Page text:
Comprehensive Tai Chi offers customized one-on-one training programs at your location. We come to you.
Great for those on the the go, on-location training is also well suited for those who find travel difficult, or are recovering or rehabilitating in a hospital or other care facility.
Private sessions, in a place that is comfortable and easy to get to, allow us to create highly individualized programs based on your specific needs, abilities, and goals.
This level of individual attention lets us tailor a program that changes as you progress. This is the best way to maximize the benefits of the time and effort you put into training.
Learn an entire form, learn only the customized techniques most suited to your needs, or just learn to meditate and relax.
If you have a medical condition or are referred by a doctor, we can work with you and your doctor to build a program that will help you control, improve or remedy your condition. Your practice can become a process that gives you lifelong health and wellness benefits.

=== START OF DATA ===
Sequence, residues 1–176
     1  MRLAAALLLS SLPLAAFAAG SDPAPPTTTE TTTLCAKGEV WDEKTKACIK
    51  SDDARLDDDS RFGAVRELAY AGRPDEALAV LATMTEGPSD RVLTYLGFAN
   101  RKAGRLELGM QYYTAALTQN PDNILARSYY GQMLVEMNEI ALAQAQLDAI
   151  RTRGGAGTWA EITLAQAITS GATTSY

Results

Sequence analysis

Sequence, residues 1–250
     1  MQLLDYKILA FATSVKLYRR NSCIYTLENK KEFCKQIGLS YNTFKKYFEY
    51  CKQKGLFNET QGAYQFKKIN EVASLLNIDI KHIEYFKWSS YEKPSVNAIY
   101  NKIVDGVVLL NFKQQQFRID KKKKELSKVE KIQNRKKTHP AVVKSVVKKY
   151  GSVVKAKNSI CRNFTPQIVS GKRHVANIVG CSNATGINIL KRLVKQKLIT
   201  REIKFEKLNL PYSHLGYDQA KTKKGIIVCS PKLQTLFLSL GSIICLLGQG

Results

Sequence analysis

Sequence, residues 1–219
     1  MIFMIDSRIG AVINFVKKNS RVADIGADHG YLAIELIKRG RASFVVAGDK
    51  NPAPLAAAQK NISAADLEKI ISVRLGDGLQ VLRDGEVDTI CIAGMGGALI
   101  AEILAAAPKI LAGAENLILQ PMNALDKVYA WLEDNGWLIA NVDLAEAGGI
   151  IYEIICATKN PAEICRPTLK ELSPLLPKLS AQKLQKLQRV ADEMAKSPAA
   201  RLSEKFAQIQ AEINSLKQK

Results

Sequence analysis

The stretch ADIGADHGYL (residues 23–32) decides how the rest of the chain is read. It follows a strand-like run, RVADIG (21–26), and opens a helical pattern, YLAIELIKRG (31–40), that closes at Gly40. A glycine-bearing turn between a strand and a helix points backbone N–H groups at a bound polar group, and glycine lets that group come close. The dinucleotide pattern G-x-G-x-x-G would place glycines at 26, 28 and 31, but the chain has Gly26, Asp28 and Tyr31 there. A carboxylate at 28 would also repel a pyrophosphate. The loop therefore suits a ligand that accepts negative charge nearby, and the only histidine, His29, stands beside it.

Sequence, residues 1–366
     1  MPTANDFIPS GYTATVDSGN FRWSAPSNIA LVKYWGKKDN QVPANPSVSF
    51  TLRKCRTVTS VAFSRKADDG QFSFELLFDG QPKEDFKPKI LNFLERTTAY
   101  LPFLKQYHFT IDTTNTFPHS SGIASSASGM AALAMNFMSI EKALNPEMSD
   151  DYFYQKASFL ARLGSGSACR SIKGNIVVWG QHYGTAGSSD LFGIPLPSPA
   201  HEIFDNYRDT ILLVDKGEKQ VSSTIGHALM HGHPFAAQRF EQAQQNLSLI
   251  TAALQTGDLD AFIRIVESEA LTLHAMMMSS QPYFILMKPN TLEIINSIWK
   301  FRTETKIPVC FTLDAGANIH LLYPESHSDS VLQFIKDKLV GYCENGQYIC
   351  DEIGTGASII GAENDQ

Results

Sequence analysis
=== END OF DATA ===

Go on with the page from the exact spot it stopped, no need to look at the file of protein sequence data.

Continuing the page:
Use the links on the right to find out more about Tai Chi, Ba Gua, Chi Kung, Meditation, and Balance & Vestibular Wellness Training (BVWT).
How Long Will It Take?
Sessions are generally one hour long, once a week. The length and number of sessions can be tailored to your needs and schedule.
If you are seeking health benefits or are referred by a doctor, we will target the areas you want to work on, and/or the areas your physician indicates. 12 weeks is suggested as a minimum for balance training, VWT, and most health conditions.
If you want to learn Tai Chi, Ba Gua, Chi Kung or Meditation, the number of sessions can be open-ended based on the level of learning you want to achieve. How long it takes to learn a form varies from person to person. Your physical and mental condition, abilities, and previous experience all play a roll. If a form is like riding a bike, it should be something you will remember to do for the rest of your life, so expect to put at least a little bit into it every day.
What To Wear
Clothing you are comfortable in. Loose clothes and flat shoes are the easiest to work in, socks or barefoot are great too. You just need to be able to comfortably move through your entire range of motion without being restricted by your clothes. Advanced practitioners may be at risk of splitting their seams if their clothing is too tight!